Task Switching and Complex Texts. Living in a world where task switching is the norm may be affecting a student’s ability to read and concentrate on complex texts. In a 2006 report, the assessment and research firm ACT examined the readiness of high school graduates to tackle the reading required of college texts and technical manuals. The study found that there was no signifi- cant difference between the scores of students who were college bound and those who were not in the areas of reading for the main idea, the meaning of words, supporting evidence, generalizations, and conclusions. Another finding was that the one reading measure that clearly differentiated between college-bound and non-college-bound students was the ability to comprehend complex texts. These texts usually contain high-level vocabulary and elaborate grammatical structure, as well as literal and inferred meanings. ACT noted that a little more than half of the high school graduates were able to meet the demands of first-year college-level reading, based on a national readiness indicator.
Is it possible that high school students have become so adapted to task switching that they have not developed the cognitive discipline necessary to read complex tests? Bauerlein (2011) suggests that successfully reading complex texts demands the following three skills that constantly wired students may not be developing:
1. A willingness to probe an author’s writings for literal and inferred meanings and to pause and deliberate over the unfolding story. E-texts, on the other hand, are short and move back and forth quickly, habituating students to moving quickly over text rather than to slowing down and reflecting.
2. A capacity for uninterrupted thinking to maintain a train of thought and to hold enough information in working memory to understand the text. Complex texts are not constructed to allow for quick snippets of attention as they often deal with scenes and ideas not known to today’s teenagers. Grasping meaning from complex tests requires single-tasking and constant focus, not the task switching and rapid and constant interaction of digital communications.
3. An openness for deep thinking that involves, for instance, deciding whether to agree or disagree with the author’s premise, and reflecting on alternatives. Complex texts often cause teenagers to confront the paucity of their knowledge and the limits of their experiences. Instead of being humbled by these revelations and reading deeper, adolescents respond by accepting that the persona they have established on their personal profile pages is self-sufficient.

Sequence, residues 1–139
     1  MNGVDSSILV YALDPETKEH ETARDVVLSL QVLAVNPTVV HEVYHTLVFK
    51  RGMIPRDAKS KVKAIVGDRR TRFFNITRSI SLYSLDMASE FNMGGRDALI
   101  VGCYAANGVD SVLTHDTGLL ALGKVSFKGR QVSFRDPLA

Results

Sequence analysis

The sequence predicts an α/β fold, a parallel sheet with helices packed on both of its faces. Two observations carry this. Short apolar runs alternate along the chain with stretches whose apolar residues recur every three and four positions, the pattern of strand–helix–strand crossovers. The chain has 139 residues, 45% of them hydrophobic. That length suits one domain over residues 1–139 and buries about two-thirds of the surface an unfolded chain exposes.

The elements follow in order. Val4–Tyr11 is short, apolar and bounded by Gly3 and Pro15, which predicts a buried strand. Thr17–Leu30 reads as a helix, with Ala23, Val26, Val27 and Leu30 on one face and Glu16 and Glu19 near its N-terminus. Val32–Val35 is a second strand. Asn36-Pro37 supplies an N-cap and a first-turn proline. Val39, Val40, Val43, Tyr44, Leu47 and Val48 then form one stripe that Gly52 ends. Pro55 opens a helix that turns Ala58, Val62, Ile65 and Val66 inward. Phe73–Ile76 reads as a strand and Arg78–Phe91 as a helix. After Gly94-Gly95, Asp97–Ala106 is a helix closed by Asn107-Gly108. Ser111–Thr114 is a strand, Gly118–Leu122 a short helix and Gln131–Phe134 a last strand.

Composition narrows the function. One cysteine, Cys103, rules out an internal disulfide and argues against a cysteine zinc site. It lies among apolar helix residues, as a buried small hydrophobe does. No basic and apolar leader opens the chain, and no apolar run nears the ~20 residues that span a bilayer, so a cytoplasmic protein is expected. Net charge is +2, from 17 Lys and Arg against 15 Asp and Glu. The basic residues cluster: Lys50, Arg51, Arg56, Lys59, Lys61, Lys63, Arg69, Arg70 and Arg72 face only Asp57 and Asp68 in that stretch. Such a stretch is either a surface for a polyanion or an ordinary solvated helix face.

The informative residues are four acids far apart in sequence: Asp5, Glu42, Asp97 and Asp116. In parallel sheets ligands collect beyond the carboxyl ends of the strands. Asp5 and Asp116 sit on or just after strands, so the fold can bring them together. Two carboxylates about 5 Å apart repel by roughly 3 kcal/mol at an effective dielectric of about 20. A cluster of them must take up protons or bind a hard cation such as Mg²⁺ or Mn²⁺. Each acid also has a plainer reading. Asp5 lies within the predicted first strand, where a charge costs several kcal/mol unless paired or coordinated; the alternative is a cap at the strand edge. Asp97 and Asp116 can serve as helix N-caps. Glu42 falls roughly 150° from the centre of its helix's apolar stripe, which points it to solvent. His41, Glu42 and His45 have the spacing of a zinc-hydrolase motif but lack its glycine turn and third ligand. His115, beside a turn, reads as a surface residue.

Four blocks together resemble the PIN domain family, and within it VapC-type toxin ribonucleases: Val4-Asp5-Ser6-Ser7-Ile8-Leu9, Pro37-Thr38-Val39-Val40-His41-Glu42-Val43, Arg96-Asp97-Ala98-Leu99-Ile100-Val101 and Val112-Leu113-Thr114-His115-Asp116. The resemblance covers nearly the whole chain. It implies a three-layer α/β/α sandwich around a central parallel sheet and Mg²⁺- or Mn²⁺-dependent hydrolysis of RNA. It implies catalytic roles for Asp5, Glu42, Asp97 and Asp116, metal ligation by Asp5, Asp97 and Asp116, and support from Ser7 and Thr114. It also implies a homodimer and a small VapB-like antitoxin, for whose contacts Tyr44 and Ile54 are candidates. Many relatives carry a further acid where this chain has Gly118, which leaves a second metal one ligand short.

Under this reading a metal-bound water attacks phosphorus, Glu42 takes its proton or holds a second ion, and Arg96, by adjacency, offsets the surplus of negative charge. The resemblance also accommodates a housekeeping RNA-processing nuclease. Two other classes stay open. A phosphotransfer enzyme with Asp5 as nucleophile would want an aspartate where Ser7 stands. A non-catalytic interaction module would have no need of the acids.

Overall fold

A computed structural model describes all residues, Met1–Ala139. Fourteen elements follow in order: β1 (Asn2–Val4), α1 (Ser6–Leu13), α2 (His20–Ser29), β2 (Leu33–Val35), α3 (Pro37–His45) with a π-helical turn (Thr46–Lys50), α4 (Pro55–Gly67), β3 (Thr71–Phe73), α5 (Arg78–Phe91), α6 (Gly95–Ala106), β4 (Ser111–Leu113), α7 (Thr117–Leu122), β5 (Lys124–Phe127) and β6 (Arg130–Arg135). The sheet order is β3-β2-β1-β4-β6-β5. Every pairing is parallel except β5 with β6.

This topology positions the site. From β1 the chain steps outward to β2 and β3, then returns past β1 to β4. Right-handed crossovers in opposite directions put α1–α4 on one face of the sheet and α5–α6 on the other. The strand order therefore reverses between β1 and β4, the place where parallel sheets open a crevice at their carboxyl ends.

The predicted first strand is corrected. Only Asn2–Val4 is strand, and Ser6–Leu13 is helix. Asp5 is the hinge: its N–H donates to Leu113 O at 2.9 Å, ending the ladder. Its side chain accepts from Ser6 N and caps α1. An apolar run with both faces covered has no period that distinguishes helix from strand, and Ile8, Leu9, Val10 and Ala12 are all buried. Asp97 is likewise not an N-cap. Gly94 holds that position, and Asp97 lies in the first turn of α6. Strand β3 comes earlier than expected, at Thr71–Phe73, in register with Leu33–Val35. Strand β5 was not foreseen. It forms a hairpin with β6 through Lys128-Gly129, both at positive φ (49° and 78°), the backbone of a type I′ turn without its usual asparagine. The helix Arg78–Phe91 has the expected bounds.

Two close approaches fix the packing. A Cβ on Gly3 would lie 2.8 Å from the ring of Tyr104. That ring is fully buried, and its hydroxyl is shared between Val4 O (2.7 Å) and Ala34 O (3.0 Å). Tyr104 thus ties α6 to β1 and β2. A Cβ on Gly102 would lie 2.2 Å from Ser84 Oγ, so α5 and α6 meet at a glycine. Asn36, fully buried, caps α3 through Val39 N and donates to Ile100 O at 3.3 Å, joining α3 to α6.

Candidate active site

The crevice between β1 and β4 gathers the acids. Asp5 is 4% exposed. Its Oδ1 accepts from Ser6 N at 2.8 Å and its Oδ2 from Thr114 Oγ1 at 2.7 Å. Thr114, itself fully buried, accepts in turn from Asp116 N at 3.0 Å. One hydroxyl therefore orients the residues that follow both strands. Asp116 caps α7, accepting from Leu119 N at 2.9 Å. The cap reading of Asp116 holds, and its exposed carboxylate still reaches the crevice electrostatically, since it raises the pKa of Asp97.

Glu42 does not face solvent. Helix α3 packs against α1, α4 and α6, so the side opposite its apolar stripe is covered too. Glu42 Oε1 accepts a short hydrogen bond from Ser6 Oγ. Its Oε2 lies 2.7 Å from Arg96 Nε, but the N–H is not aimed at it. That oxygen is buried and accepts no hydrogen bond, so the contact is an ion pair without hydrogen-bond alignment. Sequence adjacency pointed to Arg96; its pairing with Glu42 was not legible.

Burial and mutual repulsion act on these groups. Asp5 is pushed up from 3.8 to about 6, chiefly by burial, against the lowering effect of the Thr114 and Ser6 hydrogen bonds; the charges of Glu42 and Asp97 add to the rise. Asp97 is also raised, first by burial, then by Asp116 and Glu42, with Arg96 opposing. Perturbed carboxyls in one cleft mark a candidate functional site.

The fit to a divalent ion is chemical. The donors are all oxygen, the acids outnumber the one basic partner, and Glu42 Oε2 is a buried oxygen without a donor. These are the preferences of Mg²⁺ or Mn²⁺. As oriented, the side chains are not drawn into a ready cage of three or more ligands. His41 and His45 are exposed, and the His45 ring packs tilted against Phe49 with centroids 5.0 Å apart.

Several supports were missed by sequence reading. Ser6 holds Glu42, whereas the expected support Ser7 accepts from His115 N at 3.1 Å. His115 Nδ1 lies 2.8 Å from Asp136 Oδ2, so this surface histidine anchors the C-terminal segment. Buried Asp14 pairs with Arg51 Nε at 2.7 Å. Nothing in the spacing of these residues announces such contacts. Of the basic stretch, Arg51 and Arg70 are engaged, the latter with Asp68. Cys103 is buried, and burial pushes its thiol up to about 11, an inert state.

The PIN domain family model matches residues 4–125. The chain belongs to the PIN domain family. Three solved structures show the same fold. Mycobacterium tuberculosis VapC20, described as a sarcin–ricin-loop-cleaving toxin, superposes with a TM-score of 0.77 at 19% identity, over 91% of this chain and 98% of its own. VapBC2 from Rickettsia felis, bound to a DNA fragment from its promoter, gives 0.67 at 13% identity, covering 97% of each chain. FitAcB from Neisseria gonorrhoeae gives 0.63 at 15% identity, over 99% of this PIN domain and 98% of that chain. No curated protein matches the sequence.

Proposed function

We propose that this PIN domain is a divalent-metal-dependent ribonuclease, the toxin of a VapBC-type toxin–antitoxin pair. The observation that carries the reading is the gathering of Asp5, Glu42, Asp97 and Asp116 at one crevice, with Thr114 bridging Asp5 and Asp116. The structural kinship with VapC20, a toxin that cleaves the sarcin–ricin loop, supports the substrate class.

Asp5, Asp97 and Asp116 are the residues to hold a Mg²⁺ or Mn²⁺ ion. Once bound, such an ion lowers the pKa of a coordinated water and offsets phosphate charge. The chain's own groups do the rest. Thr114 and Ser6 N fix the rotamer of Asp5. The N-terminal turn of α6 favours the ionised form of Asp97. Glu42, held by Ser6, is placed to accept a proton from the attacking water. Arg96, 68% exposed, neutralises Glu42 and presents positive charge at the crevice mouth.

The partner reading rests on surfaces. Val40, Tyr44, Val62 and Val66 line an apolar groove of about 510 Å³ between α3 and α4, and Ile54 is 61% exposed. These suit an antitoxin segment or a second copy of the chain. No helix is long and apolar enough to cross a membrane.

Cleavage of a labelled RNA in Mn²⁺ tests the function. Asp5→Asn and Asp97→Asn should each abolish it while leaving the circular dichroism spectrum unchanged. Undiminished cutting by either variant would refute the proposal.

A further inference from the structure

Bauerlein suggests that high schools devote at least one hour a day to research assignments that use print matter, require no connection to the Internet, and include complex texts. The key is not to eliminate technology, but to control its invasion into the time that should be devoted to deep thinking.
Technology is neither a panacea nor an enemy. It is a tool. Students in the primary and middle school grades still need personal contact and interaction with their teachers and peers. This is an important part of social development, but technology, perhaps to a great extent, is reducing the frequency of these interactions. We should not be providing technology for technology’s sake, nor should the technology be an end unto itself. Rather than teaching with the various technologies, teachers should use them to enhance, enrich, and present their content more efficiently. Many Internet sites offer free materials to help teachers expand their lessons with audio and video pieces. See the Resources section of How the Brain Learns, 4th ed. for some suggested sites.